Tokyo, Japan (BBN) – Japanese shares dropped more than 1 per cent on average as the yen strengthened against the dollar after the Bank of Japan kept its monetary policy steady as expected on Tuesday.
The Nikkei Stock Average fell 1.59 per cent, while the Topix fell 1.40 per cent, reports BBC.
The yen strengthened against the dollar, climbing from levels near 113.68 before the BOJ’s decision to around 113.53 at 11:50am HK/SIN, and stronger than levels near 115.20 touched in the previous week.
The BOJ kept its policy stance unchanged but raised its gross domestic product (GDP) forecast to 1.4 per cent for the current fiscal year ending March 31, from a previous prediction of 1.0 per cent growth made in October.
The BOJ said in its policy statement it expected inflation to rise to around its target of 2 per cent by fiscal 2018.
Analysts said the BOJ’s decision to stay put on its monetary policy could factor into the Fed’s decision to raise interest rates at a quicker pace this year with as many as three quarter percentage point hikes and push the dollar higher.
“With the Bank of Japan, ECB and Bank of England maintaining super loose monetary policies and Trumponomics set to push the Fed to raise interest rates faster in 2017 and 2018, interest rate differentials favor further appreciation of the dollar against the currencies of other advanced economies,” said Bill Adams, senior international economist at the PNC Financial Services Group in a note.
The yen’s strength on Tuesday sent stocks lower across the board, with export stocks selling off notably.
Shares of Toyota were down 1.55 per cent, Honda fell 2.84 percent, Nissan down 1.41 per cent, Sony off by 2.06 percent and Fujitsu down 4.73 per cent.
Elsewhere, government data released Tuesday morning showed Japanese household spending fell 0.3 per cent in December from a year earlier, less than the median estimate of a 0.6 per cent decline, according to Reuters.
Meanwhile, seasonally adjusted jobless rate was flat at 3.1 percent in December, in line with a Reuters estimate, while industrial output rose 0.5 per cent in December from a month earlier.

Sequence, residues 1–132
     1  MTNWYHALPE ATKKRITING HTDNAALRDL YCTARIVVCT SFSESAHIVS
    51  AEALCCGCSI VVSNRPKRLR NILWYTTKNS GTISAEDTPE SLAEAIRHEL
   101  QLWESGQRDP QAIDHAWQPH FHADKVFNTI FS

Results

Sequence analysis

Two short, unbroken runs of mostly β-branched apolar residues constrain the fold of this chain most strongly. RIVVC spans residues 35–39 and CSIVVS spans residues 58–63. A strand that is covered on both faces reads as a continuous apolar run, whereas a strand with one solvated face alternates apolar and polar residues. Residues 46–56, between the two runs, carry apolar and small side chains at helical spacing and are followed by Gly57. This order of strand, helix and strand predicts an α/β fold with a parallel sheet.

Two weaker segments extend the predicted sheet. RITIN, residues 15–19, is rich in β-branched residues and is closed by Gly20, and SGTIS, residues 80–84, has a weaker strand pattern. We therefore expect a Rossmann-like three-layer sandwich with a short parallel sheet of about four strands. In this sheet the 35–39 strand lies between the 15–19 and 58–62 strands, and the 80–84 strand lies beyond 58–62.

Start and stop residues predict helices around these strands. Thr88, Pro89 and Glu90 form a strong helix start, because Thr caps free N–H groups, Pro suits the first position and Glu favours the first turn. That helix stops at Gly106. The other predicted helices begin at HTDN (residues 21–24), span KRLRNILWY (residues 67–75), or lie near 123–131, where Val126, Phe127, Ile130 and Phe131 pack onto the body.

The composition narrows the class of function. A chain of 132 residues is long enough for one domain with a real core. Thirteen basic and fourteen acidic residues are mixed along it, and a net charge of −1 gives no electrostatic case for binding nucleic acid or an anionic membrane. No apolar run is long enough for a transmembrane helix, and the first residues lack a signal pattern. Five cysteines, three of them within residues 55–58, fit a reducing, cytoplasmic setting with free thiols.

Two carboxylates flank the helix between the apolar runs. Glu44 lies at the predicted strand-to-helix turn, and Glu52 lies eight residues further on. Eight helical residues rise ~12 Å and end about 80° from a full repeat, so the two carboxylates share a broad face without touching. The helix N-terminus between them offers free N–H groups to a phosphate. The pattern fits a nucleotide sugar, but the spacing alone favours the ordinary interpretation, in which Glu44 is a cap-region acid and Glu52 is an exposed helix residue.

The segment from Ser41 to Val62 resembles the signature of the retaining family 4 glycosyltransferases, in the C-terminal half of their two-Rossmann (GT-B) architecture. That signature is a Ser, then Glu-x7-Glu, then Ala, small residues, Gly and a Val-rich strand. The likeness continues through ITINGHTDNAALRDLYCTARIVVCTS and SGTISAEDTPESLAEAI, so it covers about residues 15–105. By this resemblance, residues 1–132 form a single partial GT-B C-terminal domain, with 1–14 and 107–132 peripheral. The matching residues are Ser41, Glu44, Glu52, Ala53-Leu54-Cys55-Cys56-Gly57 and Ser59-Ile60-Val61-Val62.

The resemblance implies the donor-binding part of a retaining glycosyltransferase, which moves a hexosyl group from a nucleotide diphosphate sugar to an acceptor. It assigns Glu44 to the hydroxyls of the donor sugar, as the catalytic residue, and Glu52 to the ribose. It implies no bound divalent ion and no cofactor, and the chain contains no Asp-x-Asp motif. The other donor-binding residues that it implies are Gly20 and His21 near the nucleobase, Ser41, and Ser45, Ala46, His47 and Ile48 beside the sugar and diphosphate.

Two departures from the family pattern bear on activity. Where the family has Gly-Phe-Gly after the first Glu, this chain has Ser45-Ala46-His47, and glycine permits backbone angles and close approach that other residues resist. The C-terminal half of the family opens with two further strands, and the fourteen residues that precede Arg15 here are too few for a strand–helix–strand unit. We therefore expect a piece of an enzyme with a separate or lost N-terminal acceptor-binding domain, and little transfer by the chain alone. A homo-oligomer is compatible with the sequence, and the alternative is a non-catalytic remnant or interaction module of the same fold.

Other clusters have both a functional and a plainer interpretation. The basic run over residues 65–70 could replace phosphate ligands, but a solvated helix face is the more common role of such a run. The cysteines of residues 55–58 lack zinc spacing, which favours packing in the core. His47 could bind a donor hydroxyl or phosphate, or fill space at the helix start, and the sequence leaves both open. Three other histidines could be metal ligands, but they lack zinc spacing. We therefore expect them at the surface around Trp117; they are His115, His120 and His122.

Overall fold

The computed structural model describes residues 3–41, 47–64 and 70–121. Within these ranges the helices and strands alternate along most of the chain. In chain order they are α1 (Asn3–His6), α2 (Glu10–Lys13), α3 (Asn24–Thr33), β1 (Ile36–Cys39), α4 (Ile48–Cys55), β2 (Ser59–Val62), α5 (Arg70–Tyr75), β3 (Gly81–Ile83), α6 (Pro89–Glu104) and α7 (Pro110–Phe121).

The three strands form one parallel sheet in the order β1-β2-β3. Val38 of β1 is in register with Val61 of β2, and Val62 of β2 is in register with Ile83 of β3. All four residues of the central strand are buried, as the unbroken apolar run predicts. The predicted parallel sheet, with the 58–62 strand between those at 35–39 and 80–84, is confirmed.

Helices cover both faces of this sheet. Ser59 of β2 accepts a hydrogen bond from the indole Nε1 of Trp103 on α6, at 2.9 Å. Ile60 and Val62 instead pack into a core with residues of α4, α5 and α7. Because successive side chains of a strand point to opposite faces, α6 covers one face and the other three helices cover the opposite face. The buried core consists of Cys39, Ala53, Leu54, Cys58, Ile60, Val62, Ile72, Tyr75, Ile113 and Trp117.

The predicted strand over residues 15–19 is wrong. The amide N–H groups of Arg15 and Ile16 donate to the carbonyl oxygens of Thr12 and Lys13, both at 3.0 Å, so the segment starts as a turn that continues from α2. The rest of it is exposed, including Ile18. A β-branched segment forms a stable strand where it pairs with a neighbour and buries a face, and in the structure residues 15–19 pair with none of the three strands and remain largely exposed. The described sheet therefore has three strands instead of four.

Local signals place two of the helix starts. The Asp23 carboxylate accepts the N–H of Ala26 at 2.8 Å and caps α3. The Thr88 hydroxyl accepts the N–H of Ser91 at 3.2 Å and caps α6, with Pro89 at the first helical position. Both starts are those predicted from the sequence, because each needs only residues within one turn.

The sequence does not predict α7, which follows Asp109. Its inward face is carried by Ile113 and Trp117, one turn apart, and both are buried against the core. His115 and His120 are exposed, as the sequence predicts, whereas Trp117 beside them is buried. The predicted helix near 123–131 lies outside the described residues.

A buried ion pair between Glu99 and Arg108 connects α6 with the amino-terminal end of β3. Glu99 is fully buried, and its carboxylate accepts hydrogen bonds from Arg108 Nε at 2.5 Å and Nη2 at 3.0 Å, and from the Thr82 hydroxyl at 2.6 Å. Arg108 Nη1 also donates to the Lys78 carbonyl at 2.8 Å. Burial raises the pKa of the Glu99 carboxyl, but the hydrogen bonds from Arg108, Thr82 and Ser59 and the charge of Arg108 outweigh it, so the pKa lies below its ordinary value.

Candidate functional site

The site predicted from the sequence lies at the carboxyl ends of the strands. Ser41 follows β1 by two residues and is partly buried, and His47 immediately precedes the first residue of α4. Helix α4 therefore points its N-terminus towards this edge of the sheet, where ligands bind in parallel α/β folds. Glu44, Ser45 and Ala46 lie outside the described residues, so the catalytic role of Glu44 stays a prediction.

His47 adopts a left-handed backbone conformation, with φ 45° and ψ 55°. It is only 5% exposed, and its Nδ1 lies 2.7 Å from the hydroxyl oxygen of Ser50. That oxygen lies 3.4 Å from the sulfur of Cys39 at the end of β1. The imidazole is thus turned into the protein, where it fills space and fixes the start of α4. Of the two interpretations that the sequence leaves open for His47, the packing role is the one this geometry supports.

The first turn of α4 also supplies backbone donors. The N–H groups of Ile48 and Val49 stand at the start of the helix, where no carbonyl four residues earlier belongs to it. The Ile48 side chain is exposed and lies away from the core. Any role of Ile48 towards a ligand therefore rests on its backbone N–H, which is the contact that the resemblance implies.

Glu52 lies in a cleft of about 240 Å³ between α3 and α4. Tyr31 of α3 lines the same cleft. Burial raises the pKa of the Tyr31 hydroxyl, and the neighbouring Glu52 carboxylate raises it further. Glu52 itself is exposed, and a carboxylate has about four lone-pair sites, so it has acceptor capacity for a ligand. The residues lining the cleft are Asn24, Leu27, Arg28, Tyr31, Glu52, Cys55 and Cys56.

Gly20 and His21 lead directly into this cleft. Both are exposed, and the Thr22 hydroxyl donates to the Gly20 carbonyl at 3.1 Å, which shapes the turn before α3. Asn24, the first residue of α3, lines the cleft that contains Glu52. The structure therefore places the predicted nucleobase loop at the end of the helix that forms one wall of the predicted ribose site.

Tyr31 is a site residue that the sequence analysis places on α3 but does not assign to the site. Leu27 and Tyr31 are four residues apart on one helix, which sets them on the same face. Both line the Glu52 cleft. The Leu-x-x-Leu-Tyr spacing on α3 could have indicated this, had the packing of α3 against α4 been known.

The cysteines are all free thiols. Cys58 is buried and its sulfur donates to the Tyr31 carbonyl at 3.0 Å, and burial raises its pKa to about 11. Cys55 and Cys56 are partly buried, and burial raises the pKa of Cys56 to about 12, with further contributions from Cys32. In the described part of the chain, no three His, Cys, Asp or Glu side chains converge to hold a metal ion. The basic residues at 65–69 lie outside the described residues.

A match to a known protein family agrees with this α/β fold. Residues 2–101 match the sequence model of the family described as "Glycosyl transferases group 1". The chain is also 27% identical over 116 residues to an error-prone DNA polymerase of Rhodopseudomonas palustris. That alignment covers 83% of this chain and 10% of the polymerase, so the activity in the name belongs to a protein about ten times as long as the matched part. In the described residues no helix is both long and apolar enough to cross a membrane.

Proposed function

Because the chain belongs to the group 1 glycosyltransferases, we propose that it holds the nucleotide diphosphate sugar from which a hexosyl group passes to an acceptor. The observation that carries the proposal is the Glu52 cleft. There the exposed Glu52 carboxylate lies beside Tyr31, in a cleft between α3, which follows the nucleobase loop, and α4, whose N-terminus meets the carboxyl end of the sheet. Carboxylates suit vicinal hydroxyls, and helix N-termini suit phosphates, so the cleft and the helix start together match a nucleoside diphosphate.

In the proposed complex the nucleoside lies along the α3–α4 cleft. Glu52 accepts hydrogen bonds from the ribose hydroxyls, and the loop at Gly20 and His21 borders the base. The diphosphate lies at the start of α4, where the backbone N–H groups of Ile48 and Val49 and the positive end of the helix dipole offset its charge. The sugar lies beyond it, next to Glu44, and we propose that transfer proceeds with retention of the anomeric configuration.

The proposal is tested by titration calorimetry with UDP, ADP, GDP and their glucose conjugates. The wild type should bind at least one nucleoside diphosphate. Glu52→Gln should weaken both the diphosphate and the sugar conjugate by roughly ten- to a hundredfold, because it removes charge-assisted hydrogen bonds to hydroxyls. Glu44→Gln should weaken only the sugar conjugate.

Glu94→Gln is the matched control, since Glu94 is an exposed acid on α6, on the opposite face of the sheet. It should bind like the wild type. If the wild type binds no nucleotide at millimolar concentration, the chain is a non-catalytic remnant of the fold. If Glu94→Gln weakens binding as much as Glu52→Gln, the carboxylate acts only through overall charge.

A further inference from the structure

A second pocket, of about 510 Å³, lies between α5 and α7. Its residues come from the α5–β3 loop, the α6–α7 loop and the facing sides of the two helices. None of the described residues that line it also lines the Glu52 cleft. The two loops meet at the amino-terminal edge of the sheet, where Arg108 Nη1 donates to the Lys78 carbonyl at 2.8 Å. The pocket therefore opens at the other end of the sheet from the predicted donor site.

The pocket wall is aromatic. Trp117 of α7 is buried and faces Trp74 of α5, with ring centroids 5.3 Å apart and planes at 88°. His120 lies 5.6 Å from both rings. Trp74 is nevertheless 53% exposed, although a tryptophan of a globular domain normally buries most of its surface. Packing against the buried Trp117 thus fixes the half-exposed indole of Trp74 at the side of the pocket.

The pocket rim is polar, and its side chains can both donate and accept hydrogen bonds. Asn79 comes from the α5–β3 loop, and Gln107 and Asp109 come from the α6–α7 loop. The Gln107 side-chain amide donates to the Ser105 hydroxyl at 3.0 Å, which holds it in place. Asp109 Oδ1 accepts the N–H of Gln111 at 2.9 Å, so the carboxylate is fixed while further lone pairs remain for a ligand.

Australia’s benchmark ASX 200 traded down 0.75 per cent, while in South Korea, the Kospi fell 0.51 per cent.
In company news, shares of NEC dropped 15.82 per cent after the Japanese communications equipment maker slashed its profit outlook for the year ending March 31 to 30 billion yen ($264 million) from an earlier prediction of 100 billion yen, reported Reuters.
The session in Asia followed a negative closing stateside, as a new measure taken by the Trump administration on immigration sent jitters through the market.
President Donald Trump signed an executive order late Friday that would temporarily bar entry into the US to Iraqi, Syrian, Iranian, Sudanese, Libyan, Somali and Yemeni citizens. The order seeks “extreme vetting” procedures for those it did allow to enter the US.
In signing the order, Trump said he pledged to “keep radical Islamic terrorists out of the United States of America.”
The Dow Jones industrial average fell 122.65 points, or 0.61 per cent, to close at 19,971.13.
The S&P 500 dropped 13.79 points, or 0.6 per cent, to end at 2,280.90.
The Nasdaq composite slid 47.07 points, or 0.83 per cent, to close at 5,613.71.
“Markets are struggling with the “Jekyll and Hyde” nature of US President Donald Trump,” said analysts at Singapore’s DBS Bank in a note.
“Put simply, markets cheered Trump’s expansionist plans in November-December only to come face to face with his protectionist fangs in January.”
On Tuesday late morning during Asian hours, US futures traded lower; the Dow mini futures were off by 0.24 percent, the Nasdaq e-mini futures down 0.23 per cent and the S&P e-mini futures contract slipped 0.25 per cent.
In the broader currency market, the dollar fell slightly against a basket of currencies, trading at 100.37.
The Australian dollar traded at $0.7567, while the euro fetched $1.0697.
Oil prices also declined on Monday on the back of news that pointed to weekly increase in US drilling activity.
The number of active US oil rigs rose last week to the highest level since November 2015, Reuters reported citing Baker Hughes data.
On Tuesday, US crude continued the downward trend to trade lower by 0.38 per cent at $52.43 a barrel, after finishing down 54 cents at $52.63 a barrel during US hours on Monday.
Global benchmark Brent slipped 0.13 per cent on Tuesday to $55.16.
Markets in China and Hong Kong are closed for the Lunar New Year public holidays.